I start to think twice about refactoring when a class exceeds 1000 lines or so, but classes often need to be that big, and in some cases refactoring may make the code more difficult to understand.

Large class files are (were) considered to be "cumbersome" in part because of limitations of programming tools. Editing a 2000 odd line source code file using a dumb text editor on a 24 x 80 character monochrome terminal is a pain. But these days, most program editing is done using sophisticated IDEs and using workstations with high resolution large screen displays. The IDE's syntax highlighting, outlining, and navigation functionality, combined with the fact that you can see much more text at once eliminates the pain in all but extreme cases.

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Interesting question. The answer(s) may be more than you bargained for.

There aren't any bright-line rules. Discussions about ideal Java file size will quickly get you into advanced OOD topics which are (1) always evolving in the industry and (2) controversial.

In practical terms, it's hard to have a Java class that uses less than about 150 - 200 lines. It will happen for very simple PoJos... but by the time you add a copyright header and a dozen or so import statements, even a modest class will hit 200 lines. The Java language has a poor signal-to-noise ratio compared with more recent languages (there's more boilerplate code).

I would say it's a warning sign if you have a single method that goes beyond, say, 100 lines. This method would suggest to me there may be an issue with how responsibilities are spread in your code. It's difficult to read a very large method, so it will be harder to maintain and debug.

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There is no hard rule as such (apart from the 2000-line limit in the Java coding convention suggested by @akf).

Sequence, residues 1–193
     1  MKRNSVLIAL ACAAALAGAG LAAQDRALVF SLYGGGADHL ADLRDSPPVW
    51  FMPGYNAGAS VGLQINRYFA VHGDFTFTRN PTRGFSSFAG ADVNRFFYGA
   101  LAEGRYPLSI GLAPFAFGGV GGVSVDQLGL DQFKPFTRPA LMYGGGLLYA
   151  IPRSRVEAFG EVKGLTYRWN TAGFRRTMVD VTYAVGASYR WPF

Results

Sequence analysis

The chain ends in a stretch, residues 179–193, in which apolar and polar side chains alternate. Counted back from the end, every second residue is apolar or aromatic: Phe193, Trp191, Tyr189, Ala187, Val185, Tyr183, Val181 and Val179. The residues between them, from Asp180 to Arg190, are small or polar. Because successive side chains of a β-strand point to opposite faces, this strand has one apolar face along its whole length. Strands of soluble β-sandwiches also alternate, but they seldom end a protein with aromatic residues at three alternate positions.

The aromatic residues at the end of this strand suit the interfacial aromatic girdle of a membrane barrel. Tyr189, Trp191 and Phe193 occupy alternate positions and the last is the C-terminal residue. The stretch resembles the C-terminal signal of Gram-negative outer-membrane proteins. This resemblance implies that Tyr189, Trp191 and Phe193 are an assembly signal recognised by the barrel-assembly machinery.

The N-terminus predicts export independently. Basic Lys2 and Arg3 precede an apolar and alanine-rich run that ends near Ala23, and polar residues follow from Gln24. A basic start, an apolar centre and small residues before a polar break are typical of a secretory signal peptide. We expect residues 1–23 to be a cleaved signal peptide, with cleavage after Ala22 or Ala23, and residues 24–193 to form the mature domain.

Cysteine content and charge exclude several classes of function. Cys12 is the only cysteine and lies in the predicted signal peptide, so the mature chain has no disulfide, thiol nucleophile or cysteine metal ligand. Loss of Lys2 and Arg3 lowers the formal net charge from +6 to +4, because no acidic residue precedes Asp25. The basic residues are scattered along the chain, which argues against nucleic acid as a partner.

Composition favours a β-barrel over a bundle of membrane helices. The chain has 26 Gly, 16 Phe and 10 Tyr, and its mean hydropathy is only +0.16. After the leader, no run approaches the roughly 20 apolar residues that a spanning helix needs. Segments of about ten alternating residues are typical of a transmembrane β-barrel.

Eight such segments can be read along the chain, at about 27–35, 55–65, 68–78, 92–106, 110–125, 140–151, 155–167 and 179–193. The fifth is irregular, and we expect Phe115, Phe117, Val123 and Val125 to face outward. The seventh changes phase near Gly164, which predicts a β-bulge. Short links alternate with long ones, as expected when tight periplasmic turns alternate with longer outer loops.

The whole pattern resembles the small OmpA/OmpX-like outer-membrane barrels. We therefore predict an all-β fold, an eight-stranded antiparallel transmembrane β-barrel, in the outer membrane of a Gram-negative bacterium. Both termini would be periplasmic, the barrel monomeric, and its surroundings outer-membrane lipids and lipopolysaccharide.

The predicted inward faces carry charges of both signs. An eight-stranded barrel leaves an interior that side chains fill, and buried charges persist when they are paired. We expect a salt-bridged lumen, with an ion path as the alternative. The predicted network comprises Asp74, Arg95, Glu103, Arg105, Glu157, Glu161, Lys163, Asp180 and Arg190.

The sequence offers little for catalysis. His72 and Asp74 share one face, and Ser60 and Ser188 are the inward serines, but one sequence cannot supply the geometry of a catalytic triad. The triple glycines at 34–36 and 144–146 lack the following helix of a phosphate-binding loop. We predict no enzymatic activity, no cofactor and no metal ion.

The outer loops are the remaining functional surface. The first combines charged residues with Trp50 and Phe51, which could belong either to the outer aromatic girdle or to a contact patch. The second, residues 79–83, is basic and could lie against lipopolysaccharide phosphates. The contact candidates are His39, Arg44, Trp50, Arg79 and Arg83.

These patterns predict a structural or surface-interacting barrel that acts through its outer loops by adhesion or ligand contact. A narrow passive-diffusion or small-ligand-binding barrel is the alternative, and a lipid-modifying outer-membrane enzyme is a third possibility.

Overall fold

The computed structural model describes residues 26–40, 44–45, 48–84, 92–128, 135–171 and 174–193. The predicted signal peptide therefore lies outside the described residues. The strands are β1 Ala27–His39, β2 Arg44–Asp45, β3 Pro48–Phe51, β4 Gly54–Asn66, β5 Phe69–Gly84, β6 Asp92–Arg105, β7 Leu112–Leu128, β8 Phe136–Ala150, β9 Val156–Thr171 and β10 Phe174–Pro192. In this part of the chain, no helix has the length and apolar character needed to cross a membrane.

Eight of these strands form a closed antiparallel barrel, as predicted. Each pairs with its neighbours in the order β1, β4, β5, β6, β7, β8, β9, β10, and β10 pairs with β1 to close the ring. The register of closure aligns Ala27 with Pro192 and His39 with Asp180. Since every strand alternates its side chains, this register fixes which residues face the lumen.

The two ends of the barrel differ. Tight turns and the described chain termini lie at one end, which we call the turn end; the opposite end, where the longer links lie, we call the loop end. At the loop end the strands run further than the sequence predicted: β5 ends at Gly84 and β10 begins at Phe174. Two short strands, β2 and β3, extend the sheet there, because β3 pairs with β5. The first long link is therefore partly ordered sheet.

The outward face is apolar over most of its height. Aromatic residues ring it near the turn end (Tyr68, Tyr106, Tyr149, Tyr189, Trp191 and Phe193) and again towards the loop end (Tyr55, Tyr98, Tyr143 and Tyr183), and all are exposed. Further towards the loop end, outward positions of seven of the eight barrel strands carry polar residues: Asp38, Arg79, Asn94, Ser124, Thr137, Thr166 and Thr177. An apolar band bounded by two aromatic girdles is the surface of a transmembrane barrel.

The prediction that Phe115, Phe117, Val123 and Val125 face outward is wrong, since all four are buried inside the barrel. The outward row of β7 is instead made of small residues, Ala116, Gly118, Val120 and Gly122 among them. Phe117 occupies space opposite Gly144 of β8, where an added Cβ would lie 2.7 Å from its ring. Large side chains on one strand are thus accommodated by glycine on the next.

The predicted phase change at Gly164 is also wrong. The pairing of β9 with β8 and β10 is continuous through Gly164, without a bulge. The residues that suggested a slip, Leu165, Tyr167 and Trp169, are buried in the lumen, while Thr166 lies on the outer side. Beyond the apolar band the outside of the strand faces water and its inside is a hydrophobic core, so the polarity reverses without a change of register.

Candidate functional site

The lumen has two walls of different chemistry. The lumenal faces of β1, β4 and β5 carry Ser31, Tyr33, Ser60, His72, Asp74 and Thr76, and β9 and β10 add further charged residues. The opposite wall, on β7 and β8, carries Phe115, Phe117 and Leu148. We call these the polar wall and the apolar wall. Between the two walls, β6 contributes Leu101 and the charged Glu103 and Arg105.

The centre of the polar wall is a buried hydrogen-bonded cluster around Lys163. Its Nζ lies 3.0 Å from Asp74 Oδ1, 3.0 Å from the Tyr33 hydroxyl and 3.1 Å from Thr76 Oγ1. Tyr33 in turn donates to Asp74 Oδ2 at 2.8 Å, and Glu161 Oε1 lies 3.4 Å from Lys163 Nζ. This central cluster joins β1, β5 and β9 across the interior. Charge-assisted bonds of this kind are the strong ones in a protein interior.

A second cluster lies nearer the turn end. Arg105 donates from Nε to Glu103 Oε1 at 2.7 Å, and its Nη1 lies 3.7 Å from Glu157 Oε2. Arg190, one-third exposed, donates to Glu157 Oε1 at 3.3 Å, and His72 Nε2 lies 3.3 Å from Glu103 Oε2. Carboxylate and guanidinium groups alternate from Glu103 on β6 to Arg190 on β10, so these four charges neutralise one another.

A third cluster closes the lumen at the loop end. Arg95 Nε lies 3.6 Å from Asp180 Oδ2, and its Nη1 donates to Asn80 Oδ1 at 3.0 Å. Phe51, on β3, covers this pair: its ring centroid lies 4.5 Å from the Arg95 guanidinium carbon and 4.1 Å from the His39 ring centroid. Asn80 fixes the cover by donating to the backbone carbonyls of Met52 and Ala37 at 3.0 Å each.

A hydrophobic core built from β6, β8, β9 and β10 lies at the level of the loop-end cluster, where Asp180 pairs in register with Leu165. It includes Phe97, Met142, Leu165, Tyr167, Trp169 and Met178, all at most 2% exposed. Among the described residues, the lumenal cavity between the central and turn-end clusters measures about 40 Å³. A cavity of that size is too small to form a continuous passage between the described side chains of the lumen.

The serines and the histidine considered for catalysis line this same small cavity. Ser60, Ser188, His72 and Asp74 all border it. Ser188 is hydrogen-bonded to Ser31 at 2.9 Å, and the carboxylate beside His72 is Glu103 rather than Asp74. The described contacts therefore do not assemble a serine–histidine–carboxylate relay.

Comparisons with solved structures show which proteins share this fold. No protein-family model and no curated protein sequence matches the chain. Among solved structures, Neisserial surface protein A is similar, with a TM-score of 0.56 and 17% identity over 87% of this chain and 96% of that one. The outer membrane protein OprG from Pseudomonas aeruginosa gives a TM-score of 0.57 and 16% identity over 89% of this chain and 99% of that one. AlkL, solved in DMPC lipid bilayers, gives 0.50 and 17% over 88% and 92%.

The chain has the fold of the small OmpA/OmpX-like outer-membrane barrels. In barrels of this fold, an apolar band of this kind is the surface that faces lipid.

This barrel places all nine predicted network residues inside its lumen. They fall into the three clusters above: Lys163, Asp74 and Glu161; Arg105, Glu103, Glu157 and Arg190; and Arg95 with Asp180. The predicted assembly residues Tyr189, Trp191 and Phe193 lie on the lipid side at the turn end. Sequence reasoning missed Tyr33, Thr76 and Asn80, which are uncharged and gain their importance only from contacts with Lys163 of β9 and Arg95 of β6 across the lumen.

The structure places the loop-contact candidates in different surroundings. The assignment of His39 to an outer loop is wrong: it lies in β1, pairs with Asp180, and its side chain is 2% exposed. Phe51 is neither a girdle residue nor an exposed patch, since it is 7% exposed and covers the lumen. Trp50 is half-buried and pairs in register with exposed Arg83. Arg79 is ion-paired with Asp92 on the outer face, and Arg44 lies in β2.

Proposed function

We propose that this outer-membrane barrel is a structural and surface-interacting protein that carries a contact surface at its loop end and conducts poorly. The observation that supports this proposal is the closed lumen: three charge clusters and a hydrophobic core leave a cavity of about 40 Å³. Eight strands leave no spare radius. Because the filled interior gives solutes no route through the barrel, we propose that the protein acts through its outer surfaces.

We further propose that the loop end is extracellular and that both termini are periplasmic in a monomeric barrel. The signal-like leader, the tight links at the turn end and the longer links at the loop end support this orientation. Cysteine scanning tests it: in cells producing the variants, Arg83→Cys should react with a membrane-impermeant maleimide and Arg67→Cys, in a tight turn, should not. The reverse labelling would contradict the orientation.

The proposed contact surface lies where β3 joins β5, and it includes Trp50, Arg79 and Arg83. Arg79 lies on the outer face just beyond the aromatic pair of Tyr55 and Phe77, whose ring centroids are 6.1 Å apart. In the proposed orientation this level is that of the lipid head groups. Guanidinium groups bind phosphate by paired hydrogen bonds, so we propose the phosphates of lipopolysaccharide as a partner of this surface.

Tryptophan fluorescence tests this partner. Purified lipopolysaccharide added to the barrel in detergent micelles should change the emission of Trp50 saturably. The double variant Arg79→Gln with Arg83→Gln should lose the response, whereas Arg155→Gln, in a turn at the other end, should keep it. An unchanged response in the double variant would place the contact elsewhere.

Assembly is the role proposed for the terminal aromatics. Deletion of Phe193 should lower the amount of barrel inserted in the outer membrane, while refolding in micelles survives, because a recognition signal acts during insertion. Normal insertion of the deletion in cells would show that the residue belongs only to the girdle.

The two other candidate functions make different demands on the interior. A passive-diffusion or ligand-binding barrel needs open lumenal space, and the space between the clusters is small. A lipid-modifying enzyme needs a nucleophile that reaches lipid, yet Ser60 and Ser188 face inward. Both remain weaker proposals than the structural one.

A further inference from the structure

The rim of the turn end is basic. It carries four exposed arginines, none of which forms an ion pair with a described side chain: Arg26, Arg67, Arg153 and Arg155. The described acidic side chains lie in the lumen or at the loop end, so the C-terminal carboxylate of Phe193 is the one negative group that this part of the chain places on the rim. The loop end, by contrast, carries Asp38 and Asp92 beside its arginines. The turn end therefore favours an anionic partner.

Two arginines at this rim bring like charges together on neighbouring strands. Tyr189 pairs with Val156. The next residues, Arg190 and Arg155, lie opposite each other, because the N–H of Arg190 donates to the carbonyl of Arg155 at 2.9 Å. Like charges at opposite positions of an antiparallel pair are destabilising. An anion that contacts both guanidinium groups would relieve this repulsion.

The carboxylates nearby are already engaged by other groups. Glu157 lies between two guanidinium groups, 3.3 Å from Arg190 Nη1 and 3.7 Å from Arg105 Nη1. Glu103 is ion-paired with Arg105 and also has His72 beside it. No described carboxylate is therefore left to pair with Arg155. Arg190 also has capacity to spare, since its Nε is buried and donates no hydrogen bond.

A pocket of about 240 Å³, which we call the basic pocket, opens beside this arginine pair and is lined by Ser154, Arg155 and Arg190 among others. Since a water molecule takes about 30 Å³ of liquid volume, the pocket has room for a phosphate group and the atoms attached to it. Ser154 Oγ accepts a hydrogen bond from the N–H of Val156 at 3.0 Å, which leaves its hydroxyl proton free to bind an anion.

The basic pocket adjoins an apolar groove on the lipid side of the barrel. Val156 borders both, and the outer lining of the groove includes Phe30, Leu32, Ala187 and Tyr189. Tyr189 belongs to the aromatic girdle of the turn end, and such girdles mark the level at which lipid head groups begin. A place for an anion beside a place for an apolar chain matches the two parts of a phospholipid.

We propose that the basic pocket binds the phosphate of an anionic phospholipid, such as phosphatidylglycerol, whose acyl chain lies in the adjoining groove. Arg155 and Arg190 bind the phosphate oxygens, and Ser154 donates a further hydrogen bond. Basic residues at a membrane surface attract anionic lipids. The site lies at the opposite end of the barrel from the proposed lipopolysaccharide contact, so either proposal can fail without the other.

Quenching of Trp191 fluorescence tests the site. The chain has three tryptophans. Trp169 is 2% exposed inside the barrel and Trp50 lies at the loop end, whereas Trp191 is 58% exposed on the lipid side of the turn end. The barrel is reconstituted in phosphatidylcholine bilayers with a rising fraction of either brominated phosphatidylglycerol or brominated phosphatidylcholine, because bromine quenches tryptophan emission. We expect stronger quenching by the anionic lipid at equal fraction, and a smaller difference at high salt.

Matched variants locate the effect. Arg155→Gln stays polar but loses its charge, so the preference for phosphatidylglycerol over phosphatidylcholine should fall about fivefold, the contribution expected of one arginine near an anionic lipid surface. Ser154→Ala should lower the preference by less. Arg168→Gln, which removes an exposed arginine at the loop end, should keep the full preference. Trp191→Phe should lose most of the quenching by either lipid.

Some tools like CheckStyle seem to suggest a maximum of 50 lines per method, 1500 lines per class and 2000 lines per file (excluding comments), by default (this can be configured). I don't necessarily agree with each and every rule of CheckStyle, but generally, they're quite sensible.

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I heard about the rule that function shall not be much bigger than about 1 screen. But the reason is to keep it easy to read and understand. In case of classes maybe it's better to ask for number of functions per class rather than lines? Anyway, the goal is again to keep it readable and logical. Most Java classes contain few to several methods, classes containing more than twenty methods are rare. But compact classes are automatic effect of good design and OOP paradigms such as encapsulation and hermetization.

You can estimate this - each method may contain ab. 1 screen, that is approximately 50 lines + comments, keywords etc X 20-30 methods will give something around mentioned 1000-2000 lines.

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There are definitely no hard and fast rule on this, but keeping your java classes smaller and modular will be more manageable. The larger your classes are, the less cohesive they are likely to be. Remember you want everything within a single java Class to be focused a set of closely related tasks. If your class is very large it is probably not very cohesive and should be split into multiple classes, or parts moved off into other existing classes.

Checkstyle has checks for the length of your file and defaults to 2000 which a lot larger than you will want any class to be. E.g.

<module name="FileLength">
    <property name="max" value="1500"/>
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Read The Elements of Java Style and many of your coding convention questions will be answered. I hope this helps.

Loadmaster's answer is a fairly universally accepted guideline. A "page" usually referes to your IDE code editor window.